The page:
Tuesday, October 23, 2012 2:24:02 PM
As more employers implement bring-your-own-device policies into their companies, users should become aware of threats that may compromise personal and business information stored on smartphones and tablets.
Increase in mobile use
Mobile devices are quickly growing in popularity among consumers. According to Gartner's Top 10 Strategic Technology Trends for 2013, which was based on the results of 10,000 polled IT professionals, smartphones and tablets are expected to outsell PCs by 2013, Forbes reported. Because these devices allow consumers to check emails, consume media and access applications, they will soon become the preferred choice for web browsing and cloud computing, CIO reported.
Android users at risk
As mobile adoption accelerates among individuals, hackers are taking advantage and spreading malware - their primary targets being Android users. A separate report by a leading security company showed that the amount of malware sent to Androids has increased six-fold in the third quarter of 2012, PC Magazine reported.
Experts at the security firm also found that the number of dangerous applications available in Android's Google Play store increased from 30,000 to 175,000 between June and September of this year, the source reported. Often, hackers trick customers by creating fake copies of legitimate applications to spread malware.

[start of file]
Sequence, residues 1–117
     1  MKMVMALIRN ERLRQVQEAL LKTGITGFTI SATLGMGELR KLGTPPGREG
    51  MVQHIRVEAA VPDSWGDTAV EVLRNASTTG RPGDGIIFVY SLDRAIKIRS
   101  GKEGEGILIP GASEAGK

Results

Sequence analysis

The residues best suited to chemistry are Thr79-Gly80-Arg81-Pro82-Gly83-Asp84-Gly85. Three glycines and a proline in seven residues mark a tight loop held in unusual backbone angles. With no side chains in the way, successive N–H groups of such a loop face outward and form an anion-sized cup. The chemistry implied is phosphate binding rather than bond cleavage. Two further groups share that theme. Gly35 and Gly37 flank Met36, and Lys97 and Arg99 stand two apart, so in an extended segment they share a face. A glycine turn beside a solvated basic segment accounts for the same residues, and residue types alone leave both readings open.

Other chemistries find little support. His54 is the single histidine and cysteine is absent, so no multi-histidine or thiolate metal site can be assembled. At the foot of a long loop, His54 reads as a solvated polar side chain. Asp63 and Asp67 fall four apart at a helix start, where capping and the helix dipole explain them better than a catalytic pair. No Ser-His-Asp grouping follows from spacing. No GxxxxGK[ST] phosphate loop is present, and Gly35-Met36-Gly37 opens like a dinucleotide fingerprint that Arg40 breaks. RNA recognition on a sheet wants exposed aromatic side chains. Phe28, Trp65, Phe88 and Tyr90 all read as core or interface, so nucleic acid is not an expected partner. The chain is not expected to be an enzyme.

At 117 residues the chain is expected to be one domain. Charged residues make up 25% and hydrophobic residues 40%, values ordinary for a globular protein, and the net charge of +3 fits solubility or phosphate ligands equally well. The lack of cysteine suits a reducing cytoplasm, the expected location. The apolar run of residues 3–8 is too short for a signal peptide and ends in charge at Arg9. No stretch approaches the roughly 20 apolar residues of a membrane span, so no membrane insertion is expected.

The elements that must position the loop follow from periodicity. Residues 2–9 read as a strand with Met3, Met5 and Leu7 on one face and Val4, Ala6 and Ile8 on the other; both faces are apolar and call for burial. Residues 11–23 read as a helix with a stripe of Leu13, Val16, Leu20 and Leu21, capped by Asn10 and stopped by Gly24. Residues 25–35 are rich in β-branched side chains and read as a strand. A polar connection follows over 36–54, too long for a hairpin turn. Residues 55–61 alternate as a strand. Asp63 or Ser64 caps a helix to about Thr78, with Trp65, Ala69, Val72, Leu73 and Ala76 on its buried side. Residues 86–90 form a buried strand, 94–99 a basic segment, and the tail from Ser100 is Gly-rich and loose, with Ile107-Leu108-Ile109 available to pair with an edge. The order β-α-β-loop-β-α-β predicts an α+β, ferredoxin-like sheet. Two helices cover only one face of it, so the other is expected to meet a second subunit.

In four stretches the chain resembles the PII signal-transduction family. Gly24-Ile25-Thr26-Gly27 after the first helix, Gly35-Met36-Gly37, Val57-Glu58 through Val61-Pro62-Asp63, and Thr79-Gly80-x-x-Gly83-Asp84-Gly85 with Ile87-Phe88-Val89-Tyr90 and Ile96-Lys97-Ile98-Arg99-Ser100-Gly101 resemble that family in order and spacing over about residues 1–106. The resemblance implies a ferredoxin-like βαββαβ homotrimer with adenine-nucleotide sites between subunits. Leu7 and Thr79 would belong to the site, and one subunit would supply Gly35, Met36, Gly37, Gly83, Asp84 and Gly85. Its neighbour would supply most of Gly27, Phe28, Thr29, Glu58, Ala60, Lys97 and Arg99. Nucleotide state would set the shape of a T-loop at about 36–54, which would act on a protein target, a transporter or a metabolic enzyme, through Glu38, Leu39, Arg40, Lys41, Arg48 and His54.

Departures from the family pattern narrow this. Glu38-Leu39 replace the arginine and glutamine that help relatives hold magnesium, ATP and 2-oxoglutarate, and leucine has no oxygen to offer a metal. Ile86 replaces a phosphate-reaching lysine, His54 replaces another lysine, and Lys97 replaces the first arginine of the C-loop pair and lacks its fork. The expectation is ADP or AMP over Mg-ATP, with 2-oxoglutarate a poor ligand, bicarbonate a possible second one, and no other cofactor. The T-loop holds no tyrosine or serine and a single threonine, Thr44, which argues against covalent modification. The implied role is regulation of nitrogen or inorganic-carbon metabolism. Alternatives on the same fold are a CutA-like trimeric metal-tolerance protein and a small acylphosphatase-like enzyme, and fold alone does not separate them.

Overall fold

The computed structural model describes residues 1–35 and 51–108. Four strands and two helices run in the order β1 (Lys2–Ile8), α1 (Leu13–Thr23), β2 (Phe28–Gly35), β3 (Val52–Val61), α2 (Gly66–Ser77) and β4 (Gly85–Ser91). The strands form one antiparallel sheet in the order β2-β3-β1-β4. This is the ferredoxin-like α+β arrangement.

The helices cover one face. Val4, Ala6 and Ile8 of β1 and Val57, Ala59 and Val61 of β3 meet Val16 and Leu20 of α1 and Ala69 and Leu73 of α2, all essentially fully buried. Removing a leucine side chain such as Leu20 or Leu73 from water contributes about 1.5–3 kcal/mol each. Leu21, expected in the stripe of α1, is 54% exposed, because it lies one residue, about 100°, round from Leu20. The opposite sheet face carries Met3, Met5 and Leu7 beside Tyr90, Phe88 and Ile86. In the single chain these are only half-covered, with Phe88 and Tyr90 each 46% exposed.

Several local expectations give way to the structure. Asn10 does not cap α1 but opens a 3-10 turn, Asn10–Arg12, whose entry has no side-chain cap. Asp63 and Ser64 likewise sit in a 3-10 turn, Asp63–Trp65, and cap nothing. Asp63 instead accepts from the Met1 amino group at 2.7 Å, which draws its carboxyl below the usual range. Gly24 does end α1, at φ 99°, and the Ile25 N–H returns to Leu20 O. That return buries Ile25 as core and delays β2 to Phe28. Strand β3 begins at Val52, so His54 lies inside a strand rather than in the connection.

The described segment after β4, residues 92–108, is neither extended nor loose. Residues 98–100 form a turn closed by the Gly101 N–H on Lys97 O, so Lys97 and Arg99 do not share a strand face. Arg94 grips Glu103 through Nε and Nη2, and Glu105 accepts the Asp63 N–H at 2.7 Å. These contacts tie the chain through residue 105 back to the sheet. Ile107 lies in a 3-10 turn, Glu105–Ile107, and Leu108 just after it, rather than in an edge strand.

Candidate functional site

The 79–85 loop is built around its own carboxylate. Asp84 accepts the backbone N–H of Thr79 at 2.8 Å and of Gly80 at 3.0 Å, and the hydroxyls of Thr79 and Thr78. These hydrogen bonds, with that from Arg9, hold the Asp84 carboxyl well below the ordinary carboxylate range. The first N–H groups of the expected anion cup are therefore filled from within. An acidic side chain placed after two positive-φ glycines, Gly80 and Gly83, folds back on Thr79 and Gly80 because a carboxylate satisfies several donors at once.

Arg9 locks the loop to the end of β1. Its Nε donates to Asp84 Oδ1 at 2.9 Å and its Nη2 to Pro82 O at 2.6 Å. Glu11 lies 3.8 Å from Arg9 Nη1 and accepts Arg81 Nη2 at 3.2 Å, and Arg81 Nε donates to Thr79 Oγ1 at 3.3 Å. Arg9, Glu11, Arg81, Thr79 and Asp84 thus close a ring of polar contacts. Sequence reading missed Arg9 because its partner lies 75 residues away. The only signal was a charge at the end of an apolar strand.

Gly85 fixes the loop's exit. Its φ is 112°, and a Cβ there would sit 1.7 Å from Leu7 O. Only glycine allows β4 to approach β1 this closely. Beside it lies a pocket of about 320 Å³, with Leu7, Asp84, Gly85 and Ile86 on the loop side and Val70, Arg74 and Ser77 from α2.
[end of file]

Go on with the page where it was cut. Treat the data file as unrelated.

In a separate report, researchers at the Leibniz University of Hanover, Germany and the Philipps University of Marburg, Germany recently found that 185 million consumers who use certain applications are vulnerable to losing private information. Analysts tested 13,500 free apps from the Google Play store and found that 8 percent were susceptible to hacker attacks, BBC reported.
Steps to protect stored information
Because of the growing number of threats targeting mobile users, individuals must take precautions. Experts suggest installing a security app to monitor downloads and block attacks. Customers should also read through permissions before agreeing to an application download, and search customer reviews to determine if there are any problems with an app.
Business owners must also take responsibility to ensure their employees practice proper measures. Professionals should be educated about data loss prevention and mobile threats to avoid issues that may put personal and company materials at risk. Decision-makers should also implement mobile application management software to monitor application downloads on employees' smartphones.
-McAfee Cloud Security